A “hot topic” for insurance carriers who underwrite construction defect policies is, when does the coverage come into effect, or “trigger” coverage, thereby causing the Carrier’s duty to defend and/or indemnity the insured? There are different legal theories on triggering, as follows:

1.              The Injury-In-Fact Trigger of coverage theory provides that the occurrence of actual damage creates the Carrier’s duty to defend.
2.             The Manifestation Trigger Theory provides that when damage manifests itself, (or is discovered or discoverable), at this point, the Carrier’s duty to defend is created or triggered.
In the construction defect context, these theories can have different results as to whether a Carrier has a duty to defend the insured. For example, a Carrier would have a duty to defend the insured if the damage “occurred” during the policy period but was not “manifested” or discovered until after the policy period under the Injury-In-Fact theory.  However, under the Manifestation Theory – there would be no duty to defend because the damage was not discovered until after the policy period expired
There is no Florida Supreme Court ruling as to which theory applies in Florida.  However, it is my professional opinion that the Florida Supreme Court will likely hold that the Injury-In-Fact trigger theory will apply.  My opinion is based upon a case rendered by the United States District Court for the Middle District of Florida in Axis Surplus Insurance Co. v. Contra vest Construction Co., et. al., 2012 U.S. Dist. LEXIS 77489 (M.D. Fla. June 5, 2012).
In Axis a condominium association filed suit against Contra vest, (Axis’s insured), for construction defects, claiming the property suffered severe water intrusion and other defects that were not readily discoverable. Unit owners complained of property damage.  The association then retained construction experts who inspected the premises and issued reports in August and September of 2008.  The Association claimed that even though the expert reports identified property damage – the damage occurred after the expiration of the Axis policies, and thus, there was no coverage.  Axis argued the Injury-In-Fact trigger theory and the Middle District agreed based upon the Eleventh Circuit’s ruling in Trizec Properties, Inc. v. Biltmore Construction, Co., 767 F.2d 810, 813 (11th Cir. 1985), wherein that court, in evaluating policy language similar to that in the Axis policy, determined the “Injury-In-Fact” theory applied. The policy provided that coverage was triggered as a result of “an occurrence during the policy period.”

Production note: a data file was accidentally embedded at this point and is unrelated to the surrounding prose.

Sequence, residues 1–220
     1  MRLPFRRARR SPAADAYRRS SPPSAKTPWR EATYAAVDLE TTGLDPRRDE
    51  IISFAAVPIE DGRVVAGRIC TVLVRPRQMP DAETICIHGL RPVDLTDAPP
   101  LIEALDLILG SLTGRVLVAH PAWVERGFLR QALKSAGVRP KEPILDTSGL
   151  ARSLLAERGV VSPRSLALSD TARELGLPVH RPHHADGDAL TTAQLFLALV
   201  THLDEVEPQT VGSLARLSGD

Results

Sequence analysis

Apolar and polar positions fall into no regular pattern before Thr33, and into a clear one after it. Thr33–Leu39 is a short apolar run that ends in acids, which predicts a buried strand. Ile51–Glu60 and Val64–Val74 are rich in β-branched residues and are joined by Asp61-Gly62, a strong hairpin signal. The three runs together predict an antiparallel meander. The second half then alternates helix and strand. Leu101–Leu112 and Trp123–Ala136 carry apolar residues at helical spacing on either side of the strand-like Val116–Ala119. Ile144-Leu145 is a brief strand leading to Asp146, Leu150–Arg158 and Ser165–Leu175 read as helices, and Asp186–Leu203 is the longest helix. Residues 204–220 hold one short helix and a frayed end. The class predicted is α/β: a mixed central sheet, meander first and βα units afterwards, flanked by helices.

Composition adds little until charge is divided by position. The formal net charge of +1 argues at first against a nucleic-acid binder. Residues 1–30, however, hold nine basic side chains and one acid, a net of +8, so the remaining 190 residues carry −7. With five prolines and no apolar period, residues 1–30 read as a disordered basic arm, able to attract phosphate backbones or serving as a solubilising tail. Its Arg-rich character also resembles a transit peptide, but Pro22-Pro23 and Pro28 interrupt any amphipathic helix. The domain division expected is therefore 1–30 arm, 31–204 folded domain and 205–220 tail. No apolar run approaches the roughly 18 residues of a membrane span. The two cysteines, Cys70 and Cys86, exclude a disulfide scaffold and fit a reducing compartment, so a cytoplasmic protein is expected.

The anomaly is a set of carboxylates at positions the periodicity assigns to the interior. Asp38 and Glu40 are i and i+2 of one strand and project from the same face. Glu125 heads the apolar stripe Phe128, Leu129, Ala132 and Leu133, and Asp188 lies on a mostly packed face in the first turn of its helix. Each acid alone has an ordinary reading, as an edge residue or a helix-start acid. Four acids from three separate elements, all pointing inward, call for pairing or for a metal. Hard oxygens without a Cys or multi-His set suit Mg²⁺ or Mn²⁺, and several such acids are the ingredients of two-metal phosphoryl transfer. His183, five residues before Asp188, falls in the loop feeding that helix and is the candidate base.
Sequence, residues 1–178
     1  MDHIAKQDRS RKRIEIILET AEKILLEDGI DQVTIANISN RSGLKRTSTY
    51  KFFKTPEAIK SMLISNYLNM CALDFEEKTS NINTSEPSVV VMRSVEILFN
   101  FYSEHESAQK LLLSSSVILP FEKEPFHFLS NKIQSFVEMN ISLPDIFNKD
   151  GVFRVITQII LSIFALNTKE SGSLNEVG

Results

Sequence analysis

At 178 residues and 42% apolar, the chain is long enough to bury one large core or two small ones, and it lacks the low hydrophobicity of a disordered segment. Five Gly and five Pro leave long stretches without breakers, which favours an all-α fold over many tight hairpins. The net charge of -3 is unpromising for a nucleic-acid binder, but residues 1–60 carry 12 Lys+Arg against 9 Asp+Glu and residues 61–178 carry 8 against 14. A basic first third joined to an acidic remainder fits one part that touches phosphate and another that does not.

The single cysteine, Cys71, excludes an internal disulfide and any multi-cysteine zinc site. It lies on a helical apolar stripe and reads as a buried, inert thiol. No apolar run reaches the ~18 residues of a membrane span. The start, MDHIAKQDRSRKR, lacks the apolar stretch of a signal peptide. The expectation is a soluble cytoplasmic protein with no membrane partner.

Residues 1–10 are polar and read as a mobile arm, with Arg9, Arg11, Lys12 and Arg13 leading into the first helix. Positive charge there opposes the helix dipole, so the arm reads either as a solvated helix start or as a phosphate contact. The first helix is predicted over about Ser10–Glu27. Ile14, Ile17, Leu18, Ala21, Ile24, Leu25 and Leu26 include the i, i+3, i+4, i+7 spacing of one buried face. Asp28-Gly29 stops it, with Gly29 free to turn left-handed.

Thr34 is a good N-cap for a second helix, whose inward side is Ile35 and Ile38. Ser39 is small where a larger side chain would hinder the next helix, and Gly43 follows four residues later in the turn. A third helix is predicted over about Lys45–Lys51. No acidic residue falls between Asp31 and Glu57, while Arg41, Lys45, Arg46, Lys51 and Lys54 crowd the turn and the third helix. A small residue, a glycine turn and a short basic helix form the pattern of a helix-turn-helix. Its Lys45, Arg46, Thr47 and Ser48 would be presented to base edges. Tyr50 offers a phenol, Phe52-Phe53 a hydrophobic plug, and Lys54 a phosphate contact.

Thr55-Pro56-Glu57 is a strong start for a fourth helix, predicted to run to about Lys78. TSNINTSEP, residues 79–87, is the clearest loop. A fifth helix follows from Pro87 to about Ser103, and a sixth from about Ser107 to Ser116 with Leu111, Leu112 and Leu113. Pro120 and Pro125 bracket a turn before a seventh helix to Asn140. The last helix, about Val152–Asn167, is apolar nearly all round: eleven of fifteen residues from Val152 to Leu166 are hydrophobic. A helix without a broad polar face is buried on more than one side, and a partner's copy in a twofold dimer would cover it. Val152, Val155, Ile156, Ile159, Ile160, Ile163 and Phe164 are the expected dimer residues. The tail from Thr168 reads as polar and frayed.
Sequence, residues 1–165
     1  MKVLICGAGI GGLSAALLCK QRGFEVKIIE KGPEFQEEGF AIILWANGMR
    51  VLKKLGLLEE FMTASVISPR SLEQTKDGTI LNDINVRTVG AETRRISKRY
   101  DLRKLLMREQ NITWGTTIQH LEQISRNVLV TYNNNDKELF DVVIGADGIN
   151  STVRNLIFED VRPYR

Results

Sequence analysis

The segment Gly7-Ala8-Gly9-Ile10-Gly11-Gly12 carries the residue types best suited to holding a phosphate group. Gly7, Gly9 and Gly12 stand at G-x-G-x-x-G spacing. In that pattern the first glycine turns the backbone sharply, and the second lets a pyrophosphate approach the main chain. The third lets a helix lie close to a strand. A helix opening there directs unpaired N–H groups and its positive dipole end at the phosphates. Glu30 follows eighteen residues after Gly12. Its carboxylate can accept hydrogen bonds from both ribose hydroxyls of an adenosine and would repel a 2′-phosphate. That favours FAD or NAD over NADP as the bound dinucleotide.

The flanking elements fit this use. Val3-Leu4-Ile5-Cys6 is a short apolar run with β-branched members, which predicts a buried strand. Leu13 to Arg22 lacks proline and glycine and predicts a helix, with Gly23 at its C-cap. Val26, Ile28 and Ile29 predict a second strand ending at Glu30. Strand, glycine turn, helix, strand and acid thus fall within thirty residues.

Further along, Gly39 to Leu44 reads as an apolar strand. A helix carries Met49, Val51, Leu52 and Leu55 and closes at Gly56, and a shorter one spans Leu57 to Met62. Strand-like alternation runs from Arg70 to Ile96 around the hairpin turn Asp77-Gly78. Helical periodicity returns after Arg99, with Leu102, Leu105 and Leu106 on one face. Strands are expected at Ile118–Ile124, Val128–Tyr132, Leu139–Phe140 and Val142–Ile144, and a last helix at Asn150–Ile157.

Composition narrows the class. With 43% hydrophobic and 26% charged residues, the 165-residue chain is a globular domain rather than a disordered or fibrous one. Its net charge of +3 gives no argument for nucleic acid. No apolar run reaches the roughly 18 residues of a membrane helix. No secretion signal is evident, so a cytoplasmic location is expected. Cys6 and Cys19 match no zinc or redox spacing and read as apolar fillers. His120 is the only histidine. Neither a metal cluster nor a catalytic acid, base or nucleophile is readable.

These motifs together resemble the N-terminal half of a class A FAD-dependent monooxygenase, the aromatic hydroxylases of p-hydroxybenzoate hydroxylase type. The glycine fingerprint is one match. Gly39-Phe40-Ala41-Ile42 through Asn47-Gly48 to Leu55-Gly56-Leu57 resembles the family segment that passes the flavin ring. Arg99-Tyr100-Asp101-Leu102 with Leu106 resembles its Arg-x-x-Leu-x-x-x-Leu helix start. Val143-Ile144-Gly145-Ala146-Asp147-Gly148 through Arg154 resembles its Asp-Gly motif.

Remember these Federal Jurisdiction cases are not binding on Florida State Courts.  Florida state courts will interpret this “coverage trigger issue” based upon Florida Law.  However, the Federal decisions do carry persuasive weight. Also, the Axis court included language in its opinion that constrains its holding to the specific policy in that case.  So it is still possible for an insurance carrier to face the manifestation trigger theory – if their policy language is different than that in the Axis case.
Carriers would be wise to adopt language similar to the following based upon these rulings:

This insurance applies to “bodily injury” and “property damage” only if:
1.              The “bodily injury” or “property damage” is caused by an “occurrence” that takes place in the “coverage territory”; [and]

2.             The “bodily injury” or “property damage” occurs during the policy period.
The Axis holding may allow Carriers whose insured’s have been sued to argue that the moment when actual damage occurs, as opposed to when it is discovered, is the relevant date for determining coverage.  However, adopting the appropriate policy language appears to be prerequisite.